Dear Grandparenting: Bullies did their best to ruin my granddaughter’s whole school year. School is out and the bullies are gone. But they’ll be back in September and my granddaughter is already worried about what’s coming down on her next school year.
Everybody knows bullying goes on everywhere all the time. Every grandchild in America will be either bully, bullied or witness to it. Lord knows everybody talks about it. They talk about everything except how to stop it! It’s not like this bullying issue is brand new. It’s been a problem for years and it’s just getting worse. I don’t hear much about good solutions. Is there anything that really works to stop bullying? This is the kind of useful information grandparents really want to know. Reggie, Sidney, Ohio.
Dear Reggie: There’s no question the bullying epidemic is high on the agenda of schools and federal authorities. But most of the information they disseminate is about building greater awareness of the problem and creating a school culture that discourages bullying. Words like empathy, kindness, resilience and confidence are tossed about. The only thing missing is how to stop bullying once it starts.
But a recent study in Proceedings of the National Academy of Sciences could be the break-through that bumps bullies off their perch. The results of this research, which involved nearly 25,000 high school students, found that middle school students with more friends and acquaintances were highly effective at spreading the anti-bullying message.
Family members and teachers who preach about the horrors of bullying or recount the grim histories of children bullied into their graves, can certainly make a difference. But “influencers” — the more popular students — have the power to change the social norms of an entire school and reduce levels of interpersonal conflict, because other students observe and follow their actions. When influencers become the public face of a grassroots anti-bullying campaign at their school, other students report that the problem commands their greater attention.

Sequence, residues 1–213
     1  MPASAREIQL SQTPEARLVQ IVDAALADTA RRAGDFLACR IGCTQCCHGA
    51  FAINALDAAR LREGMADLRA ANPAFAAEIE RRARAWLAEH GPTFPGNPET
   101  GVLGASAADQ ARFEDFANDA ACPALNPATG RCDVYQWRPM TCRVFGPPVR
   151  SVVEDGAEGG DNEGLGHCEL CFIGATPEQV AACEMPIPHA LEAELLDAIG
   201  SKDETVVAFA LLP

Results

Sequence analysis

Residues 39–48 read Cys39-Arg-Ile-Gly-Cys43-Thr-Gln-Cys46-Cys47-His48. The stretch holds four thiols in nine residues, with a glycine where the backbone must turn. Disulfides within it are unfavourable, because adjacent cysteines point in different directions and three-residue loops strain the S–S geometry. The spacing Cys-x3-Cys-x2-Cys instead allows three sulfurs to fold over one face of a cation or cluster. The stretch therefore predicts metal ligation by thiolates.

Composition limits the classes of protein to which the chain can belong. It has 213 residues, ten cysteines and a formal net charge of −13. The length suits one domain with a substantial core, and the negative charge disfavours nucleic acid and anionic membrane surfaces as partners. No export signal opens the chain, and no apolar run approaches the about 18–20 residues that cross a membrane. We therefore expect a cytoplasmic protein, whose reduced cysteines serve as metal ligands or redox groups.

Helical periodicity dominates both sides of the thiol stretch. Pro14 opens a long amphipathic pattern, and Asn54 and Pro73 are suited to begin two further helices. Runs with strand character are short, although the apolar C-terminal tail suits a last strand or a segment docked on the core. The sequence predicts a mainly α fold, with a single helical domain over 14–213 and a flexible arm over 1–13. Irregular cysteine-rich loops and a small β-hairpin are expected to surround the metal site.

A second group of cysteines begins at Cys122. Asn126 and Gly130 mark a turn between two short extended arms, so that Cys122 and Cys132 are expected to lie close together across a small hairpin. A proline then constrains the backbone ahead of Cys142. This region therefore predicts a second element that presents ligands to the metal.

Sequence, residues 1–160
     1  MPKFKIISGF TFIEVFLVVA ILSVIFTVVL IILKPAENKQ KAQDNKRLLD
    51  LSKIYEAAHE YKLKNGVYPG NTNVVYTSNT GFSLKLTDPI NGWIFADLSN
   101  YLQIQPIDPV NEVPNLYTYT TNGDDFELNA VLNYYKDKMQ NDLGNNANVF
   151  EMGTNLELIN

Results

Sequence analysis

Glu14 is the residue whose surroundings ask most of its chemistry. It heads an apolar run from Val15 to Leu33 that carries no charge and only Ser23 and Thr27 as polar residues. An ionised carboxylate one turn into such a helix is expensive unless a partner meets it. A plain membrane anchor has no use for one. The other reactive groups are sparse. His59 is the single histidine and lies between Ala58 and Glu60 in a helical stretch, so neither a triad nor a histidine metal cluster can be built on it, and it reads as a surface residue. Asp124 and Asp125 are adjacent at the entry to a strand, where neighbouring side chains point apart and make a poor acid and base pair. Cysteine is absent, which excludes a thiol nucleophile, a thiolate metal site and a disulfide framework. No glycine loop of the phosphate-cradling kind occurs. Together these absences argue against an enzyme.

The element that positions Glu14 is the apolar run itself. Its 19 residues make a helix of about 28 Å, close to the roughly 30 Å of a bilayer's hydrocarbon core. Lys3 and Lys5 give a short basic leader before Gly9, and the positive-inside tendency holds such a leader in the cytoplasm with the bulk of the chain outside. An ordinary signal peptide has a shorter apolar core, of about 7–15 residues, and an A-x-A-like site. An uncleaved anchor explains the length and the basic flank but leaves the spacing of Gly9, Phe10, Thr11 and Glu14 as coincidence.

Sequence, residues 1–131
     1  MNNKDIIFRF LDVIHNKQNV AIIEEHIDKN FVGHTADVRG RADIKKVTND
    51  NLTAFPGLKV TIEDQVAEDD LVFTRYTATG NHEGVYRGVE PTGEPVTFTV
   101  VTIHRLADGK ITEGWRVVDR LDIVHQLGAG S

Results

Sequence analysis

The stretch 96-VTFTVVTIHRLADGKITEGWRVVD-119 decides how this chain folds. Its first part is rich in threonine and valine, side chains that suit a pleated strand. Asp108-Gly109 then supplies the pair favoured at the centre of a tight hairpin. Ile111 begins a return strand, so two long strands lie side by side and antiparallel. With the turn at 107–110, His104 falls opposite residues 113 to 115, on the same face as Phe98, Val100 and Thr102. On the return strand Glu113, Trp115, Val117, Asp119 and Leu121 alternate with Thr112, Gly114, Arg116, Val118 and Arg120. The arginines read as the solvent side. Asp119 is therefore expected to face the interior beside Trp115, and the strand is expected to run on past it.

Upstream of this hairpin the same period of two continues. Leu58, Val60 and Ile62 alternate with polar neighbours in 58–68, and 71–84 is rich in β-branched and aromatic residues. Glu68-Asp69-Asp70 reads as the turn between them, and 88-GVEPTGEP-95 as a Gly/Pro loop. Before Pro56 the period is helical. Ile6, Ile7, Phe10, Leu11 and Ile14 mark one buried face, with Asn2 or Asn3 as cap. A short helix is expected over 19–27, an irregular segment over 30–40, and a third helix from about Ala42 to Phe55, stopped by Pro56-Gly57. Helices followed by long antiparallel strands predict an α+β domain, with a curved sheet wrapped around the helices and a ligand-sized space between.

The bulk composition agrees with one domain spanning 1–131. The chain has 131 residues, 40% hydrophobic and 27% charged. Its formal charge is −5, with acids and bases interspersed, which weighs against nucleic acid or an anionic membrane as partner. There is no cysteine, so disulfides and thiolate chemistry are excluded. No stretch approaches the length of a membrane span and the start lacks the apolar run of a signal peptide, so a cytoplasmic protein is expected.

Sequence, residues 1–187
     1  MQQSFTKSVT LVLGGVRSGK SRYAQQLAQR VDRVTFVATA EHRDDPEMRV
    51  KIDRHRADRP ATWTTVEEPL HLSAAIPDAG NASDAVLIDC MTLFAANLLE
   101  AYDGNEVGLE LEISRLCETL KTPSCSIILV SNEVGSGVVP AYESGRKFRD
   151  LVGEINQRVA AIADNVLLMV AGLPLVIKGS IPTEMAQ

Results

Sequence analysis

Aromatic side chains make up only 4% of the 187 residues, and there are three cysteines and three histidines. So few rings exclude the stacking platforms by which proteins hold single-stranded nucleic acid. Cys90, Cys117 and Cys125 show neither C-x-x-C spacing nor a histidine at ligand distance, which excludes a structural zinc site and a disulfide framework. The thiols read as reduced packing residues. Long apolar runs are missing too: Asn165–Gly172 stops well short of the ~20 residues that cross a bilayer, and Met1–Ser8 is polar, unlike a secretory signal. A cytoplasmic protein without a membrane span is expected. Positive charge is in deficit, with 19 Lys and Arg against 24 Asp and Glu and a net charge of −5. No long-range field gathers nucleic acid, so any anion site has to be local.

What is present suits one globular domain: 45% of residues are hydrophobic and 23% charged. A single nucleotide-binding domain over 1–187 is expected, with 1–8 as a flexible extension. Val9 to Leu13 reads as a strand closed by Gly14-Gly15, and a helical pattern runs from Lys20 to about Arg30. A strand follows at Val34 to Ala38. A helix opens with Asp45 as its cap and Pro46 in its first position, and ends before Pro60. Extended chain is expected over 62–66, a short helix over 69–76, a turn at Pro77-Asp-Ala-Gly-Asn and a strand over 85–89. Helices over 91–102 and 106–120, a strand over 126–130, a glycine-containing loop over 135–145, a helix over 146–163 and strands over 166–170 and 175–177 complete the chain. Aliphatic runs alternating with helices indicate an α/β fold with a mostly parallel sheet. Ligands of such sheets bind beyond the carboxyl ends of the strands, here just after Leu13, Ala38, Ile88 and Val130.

Peer-to-peer communications generally have greater sincerity and authenticity. But influencers are successful for another reason, according to the study. Since they know best what’s behind the bullying, influencers are best suited to shape the content of the anti-bullying message. A conflict can be driven by a dispute between the football and soccer teams at one school, while racial problems may be at the root of bullying at a nearby school.
GRAND REMARK OF THE WEEK
Claire Bear from Everett, Washington, understands that she’ll have to wait awhile before she can talk on the phone with her grandson, Louis, 1.
“I have my daughter put him on the phone just the same. He can hear my voice and I’m perfectly happy just listening to Louis breathing into the phone. You should try it!”
Dee and Tom, married more than 50 years, have eight grandchildren. Together with Key, they welcome questions, suggestions and Grand Remarks of the Week. Send to P.O. Box 27454, Towson, MD, 21285. Call 410-963-4426.